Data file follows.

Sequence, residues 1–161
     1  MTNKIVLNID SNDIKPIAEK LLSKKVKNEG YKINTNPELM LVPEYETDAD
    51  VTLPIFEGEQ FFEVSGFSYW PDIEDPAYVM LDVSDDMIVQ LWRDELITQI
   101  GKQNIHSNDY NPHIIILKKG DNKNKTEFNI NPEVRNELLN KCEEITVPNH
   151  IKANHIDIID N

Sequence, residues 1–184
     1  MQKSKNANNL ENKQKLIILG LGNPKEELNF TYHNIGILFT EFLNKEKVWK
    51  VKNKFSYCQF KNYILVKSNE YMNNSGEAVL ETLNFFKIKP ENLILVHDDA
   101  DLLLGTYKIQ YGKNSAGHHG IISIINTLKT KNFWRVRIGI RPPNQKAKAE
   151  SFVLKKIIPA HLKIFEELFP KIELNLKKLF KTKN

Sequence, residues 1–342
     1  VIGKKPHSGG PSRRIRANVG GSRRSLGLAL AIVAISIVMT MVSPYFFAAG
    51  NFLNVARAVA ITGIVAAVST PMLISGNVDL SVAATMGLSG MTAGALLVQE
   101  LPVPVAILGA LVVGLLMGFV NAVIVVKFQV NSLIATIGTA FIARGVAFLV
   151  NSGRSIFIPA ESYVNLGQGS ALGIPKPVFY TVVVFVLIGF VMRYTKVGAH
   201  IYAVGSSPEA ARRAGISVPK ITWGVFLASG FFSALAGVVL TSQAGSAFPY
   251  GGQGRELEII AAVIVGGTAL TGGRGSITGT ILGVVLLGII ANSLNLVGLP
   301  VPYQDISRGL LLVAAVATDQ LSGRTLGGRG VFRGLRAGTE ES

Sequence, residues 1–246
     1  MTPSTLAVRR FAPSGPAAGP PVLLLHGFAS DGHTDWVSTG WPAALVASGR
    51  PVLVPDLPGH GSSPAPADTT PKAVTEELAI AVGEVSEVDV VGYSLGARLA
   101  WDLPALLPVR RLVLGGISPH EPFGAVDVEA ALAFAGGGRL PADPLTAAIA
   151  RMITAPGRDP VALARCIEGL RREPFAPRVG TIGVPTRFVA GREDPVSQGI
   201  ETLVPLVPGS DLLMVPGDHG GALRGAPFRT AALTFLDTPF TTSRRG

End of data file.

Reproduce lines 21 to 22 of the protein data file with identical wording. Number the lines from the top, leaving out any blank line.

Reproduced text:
    51  PVLVPDLPGH GSSPAPADTT PKAVTEELAI AVGEVSEVDV VGYSLGARLA
   101  WDLPALLPVR RLVLGGISPH EPFGAVDVEA ALAFAGGGRL PADPLTAAIA